How to Track Digital Ads and Campaigns in Slate

You are running various digital marketing campaigns across multiple platforms such as Facebook, LinkedIn etc to drive leads to submit Slate hosted forms and get them into your instances, but how are you tracking and tuning these campaigns across the different platforms?

Tracking digital marketing efforts across platforms is essential for determining the effectiveness of these campaigns, and being able to tune them accordingly. Typically, Google Tag Manager is what you would use to centrally configure and publish tags. Then, by monitoring Google analytics, you can examine your web traffic, behavior and conversion tracking. Along the same lines, prospects’ response to your digital marketing efforts can be traced back to Slate using some of its native functionality and the Google Tag Manager. By adding Google Tag Manager to the Slate instance, form submissions can be tied back to prospects that came through the digital marketing efforts. However, Google Analytics returns aggregate data and not the identity of individual prospects. 

By taking advantage of UTMs (Urchin Tracking Module), you can not only track on Google Analytics how a prospect landed on a particular webpage, but you can also attribute individual form submissions to digital campaigns. UTMs are codes that can be appended to custom URLs to track various marketing campaigns.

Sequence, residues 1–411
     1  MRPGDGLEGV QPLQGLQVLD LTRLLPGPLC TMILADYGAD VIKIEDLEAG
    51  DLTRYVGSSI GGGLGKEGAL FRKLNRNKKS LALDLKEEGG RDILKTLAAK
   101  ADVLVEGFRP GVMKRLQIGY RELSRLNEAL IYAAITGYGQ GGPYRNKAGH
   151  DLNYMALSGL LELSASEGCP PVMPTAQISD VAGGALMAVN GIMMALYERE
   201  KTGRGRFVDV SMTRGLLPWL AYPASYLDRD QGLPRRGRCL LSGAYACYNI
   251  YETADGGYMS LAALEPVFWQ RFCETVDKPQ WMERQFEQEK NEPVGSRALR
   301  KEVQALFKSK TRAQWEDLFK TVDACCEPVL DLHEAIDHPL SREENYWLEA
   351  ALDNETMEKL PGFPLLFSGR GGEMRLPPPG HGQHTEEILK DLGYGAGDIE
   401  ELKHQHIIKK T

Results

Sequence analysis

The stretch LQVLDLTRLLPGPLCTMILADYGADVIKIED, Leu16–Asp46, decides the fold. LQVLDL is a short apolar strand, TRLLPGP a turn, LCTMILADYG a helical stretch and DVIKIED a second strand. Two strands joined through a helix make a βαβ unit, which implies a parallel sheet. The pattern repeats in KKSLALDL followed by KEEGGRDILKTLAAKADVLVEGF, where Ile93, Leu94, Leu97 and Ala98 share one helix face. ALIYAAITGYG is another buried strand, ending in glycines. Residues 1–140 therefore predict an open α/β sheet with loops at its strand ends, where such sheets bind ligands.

It is not uncommon for prospects who land on a webpage from an ad, to look for additional information on the site before submitting a form, or even come back another time to submit a form. UTM parameters will not get passed onto the Slate form in such cases. 

To avoid this, add a cookie to the webpage that will record the UTM parameters and pass them through the pages. The UTM parameters saved in Slate through form submissions can then be analyzed using queries and reports to inform your marketing initiatives. If you are unfamiliar with this process, your web manager and/or third party digital agency should be familiar and able to assist.

Use Slate’s native feature called Ping Analytics to further monitor web access! When Ping code is embedded into any webpage, a cookie is sent to each visitor’s browser. When that visitor has a corresponding record in Slate, behaviour such as the number of times a page was accessed and for how long can be tracked. Using a Custom HTML tag in Google Tag Manager, Slate Ping script can be injected into multiple webpages. By retrieving Ping data through queries, relevant communication with person-specific content can be sent to prospects. 

Lastly, Slate pushes data to platforms such as Facebook, LinkedIn and others. Pushing audiences to Facebook is straightforward by using the Facebook API, but passing prospects on to other social media platforms could need additional integration with external task automation tools such as Zapier.

While there are undeniable benefits to optimizing marketing strategies across platforms using one or all of these methods, it is important to think about what is most relevant to your institution. Therefore, start small, plan how your platforms and systems can effectively work in sync with one another, and scale your efforts as you learn and grow!